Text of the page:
The idea was to keep a powerful navy in the narrow seas, to form a strong and elastic military force within the four shores of Britain, to isolate England from all outward interests and complications, and then to turn the once "Merrie England" into a vast workshop, from whose looms and forges the markets of the world might be supplied. For this result the greatness of Britain was to be bartered, her diadem broken, her influence for good among the nations of the earth for ever lost. For this ignoble end the manifest destiny of the English race, so far as England was concerned, was to fail in its accomplishment, and her light was to go out for ever. In twenty years the dream would have been rudely dissipated. Foreign competition would have pressed far more heavily than it now does upon English manufactures; the colonial markets ever expanding, the colonial lands ever open to the great stream of British immigrants, would have been the heritage of alien nations. Discontent and want coming like an armed man; hopelessness within, and contempt and insolence page 352without, would have been the fruit of this gospel of greed. All was to be abandoned, even India.

"It is difficult to believe that any sane man, not utterly ignorant, could meditate the abandonment of those mighty territories, that world-wide empire, which is England's present glory, and the guarantee of her future greatness and safety. The next generation will scarcely credit the statement that the influence of the teachers of a selfish political economy was so great in the United Kingdom that they had obtained the tacit consent of all political parties to the disruption and desertion of the whole outside Empire. They had no mercy. From the ancient kingdom of the Moguls to New Zealand, from Canada to Hongkong, all were to be abandoned. Lands won by the sword, lands ceded by treaty, lands obtained by occupation, all were to share the same fate. The fruits of a hundred victories, in which on land and sea the blood of our best and bravest had been shed like water, were to be given up and sacrificed at the shrine of mammon. The labours and sufferings of centuries were to be forgotten or only remembered as a dream. The grayes of sainted martyrs and of gallant warriors were to be deserted. Cities as great as the capitals of Europe; a commerce vaster in extent as it was greater in value than that of any nation, ancient or modern, save of the United Empire of which it formed a part—all were to be voluntarily abandoned. The red cross of Britain was no longer to float proudly in widely-sundered lands. A sentence of eternal banishment was decreed against the millions of colonists who; going forth in full love and allegiance to the Queen of their people and the country of their birth, had crossed the sea or the trackless desert, and made their dwelling in the wilderness, carrying with them to their new homes the boon of freedom, race, and country which is the heritage of every Briton. The beat of the morning drum around the world was to be silenced. The sun was to set upon Britain's Empire. No such act of national suicide was ever contemplated by the leaders of any people. Had they succeeded—and it is beyond question that they had arrived, to use Mr. Gladstone's phrase, within 'measurable distance' of success, and already in South Africa commenced to dismember the British Empire—to what a future of misery and peril would they have doomed the British Crown and the British people! It is impossible page 353to contemplate their purpose without indignation or their plans without contempt. 'The colonies cost England money.' This was their cry. Cut off the colonies. Let them shift for themselves. Everything is to the economists and the Manchester school to be measured by money. Even to the day of his death Mr. Bright ridiculed the idea of a federated Empire."*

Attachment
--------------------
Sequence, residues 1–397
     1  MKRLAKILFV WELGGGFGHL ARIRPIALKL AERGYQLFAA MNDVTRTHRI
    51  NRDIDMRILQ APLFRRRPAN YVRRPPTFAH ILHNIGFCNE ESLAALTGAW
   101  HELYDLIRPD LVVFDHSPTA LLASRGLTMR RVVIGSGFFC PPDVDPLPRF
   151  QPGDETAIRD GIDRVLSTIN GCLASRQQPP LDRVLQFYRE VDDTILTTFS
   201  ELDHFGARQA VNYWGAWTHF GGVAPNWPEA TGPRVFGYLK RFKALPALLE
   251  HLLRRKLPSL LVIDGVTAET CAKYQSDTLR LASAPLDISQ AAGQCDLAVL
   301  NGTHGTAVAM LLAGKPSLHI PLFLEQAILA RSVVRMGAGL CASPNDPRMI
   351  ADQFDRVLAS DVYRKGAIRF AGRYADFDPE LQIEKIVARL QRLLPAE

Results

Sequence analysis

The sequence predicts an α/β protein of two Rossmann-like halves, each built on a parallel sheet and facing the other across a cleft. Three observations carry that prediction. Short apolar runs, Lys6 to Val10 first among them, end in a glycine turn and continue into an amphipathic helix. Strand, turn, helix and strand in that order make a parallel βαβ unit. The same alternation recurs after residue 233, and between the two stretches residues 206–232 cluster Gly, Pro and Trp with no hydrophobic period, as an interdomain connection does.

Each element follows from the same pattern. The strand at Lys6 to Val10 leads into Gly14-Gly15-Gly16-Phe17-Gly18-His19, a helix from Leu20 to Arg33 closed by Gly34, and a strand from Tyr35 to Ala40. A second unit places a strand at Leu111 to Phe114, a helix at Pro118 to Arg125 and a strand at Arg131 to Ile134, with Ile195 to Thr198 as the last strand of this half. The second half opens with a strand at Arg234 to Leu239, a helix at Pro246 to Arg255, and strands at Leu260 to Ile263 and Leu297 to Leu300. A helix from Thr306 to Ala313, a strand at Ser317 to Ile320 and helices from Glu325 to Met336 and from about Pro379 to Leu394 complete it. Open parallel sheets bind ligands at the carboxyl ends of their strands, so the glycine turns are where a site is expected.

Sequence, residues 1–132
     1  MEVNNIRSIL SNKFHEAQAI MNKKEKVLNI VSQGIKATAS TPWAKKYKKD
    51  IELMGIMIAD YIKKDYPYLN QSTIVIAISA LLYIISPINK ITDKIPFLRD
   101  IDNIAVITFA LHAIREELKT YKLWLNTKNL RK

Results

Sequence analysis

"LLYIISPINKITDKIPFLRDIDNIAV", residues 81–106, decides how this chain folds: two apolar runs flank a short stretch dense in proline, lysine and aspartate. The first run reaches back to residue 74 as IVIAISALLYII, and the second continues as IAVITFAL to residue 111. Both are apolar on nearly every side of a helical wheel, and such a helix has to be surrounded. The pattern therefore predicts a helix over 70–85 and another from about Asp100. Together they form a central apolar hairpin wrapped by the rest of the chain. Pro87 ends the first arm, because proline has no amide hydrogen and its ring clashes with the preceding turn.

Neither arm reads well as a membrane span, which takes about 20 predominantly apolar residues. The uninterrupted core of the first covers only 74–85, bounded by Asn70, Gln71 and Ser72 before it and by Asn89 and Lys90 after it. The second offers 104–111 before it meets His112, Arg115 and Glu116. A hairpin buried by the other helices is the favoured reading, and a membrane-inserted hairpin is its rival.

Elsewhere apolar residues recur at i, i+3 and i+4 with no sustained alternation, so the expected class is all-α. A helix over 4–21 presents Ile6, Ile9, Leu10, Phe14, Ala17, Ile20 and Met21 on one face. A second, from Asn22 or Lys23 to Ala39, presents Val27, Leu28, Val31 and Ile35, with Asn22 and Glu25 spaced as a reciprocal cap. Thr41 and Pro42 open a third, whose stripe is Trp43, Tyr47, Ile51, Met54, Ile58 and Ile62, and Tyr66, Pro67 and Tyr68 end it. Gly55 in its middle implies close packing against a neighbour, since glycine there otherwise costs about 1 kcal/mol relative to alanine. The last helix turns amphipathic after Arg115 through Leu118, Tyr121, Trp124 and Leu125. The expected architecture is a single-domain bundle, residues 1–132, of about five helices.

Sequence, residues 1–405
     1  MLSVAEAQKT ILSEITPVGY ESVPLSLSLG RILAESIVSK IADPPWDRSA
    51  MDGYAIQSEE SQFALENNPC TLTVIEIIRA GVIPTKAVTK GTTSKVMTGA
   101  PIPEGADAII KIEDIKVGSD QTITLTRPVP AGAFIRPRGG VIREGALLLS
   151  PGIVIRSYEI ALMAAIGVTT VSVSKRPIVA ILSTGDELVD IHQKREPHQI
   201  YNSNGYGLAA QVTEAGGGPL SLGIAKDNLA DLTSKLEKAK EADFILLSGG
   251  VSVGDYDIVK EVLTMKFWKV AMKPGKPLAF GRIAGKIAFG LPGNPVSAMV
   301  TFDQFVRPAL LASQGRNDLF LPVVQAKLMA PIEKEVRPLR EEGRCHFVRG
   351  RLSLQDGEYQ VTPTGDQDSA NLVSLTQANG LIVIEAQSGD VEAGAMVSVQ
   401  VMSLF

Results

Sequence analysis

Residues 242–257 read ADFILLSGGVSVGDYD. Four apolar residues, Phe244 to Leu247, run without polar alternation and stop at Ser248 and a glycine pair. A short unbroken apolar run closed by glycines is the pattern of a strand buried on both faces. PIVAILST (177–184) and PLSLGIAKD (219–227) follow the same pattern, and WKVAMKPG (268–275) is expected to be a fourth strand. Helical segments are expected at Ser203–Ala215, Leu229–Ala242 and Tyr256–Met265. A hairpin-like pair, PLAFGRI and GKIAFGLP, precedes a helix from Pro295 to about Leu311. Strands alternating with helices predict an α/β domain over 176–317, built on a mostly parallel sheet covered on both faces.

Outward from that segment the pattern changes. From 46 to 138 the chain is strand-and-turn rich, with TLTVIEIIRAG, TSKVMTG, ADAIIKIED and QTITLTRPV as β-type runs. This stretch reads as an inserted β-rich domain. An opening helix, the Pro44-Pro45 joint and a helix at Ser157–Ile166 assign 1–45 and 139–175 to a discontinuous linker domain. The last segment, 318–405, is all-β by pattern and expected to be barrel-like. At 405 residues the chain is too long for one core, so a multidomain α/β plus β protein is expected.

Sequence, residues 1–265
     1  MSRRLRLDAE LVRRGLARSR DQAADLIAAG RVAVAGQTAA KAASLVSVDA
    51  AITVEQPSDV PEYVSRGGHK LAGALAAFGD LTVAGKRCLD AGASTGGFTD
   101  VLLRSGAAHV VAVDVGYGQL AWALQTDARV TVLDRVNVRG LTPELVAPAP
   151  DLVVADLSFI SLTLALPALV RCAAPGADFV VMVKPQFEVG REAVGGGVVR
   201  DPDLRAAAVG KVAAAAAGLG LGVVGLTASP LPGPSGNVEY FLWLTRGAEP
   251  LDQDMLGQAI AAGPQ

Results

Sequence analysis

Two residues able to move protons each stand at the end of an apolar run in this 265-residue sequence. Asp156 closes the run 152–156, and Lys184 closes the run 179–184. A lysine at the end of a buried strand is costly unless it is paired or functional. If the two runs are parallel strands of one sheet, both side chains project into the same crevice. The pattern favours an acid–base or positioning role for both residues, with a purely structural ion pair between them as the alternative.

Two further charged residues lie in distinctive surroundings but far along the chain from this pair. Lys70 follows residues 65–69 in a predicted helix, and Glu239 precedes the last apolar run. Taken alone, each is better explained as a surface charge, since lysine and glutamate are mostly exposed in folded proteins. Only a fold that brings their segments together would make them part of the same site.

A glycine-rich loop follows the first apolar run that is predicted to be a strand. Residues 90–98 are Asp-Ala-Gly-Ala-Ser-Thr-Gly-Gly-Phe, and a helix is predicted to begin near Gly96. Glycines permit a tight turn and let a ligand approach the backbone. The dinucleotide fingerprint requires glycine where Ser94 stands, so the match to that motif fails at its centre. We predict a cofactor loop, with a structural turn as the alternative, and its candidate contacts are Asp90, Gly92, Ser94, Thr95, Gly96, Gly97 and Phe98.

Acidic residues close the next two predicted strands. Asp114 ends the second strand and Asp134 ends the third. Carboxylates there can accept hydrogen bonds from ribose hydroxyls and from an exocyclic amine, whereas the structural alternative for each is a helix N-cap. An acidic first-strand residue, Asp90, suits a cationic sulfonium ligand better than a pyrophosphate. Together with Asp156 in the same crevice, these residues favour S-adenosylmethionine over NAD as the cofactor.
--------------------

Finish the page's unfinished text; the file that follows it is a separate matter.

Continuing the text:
Against this policy of national suicide Sir George Grey took an immediate and absolute stand. He spoke, he wrote, he held, public meetings, and framed petitions to the Crown. He knew that by so doing he would forfeit assistance from the Liberal party, but he did not for a moment hesitate. His vigour and determination in this direction could hardly fail to impress Lord Granville with a sense of personal antagonism.

Scarcely inferior in importance in Sir George Grey's mind to the retention of the colonies was the question of emigration. The population of Great Britain was rapidly increasing. Her agricultural labourers were leaving the fields of the country and flocking into towns, or engaging in mining or other industries. To provide a safe and sufficient outlet for the increasing multitudes in the Colonial Empire was, in his opinion, an absolute necessity if a revolution of hunger and want was to be avoided. This also ran counter to the ideas of the Liberals. Only a few years before, when the American civil war had shut up the cotton mills, and thrown hundreds of thousands out of employment, the merchants and manufacturers of Cottonopolis had protested against a system of State-aided emigration. The employers of labour could not spare so many "human machines." To this question Sir George directed his eloquence and zeal. He strove with all his might to rouse a public feeling in favour of colonisation, for he saw in this the only safety for the future of England, and the only avenue to happiness for her innumerable children.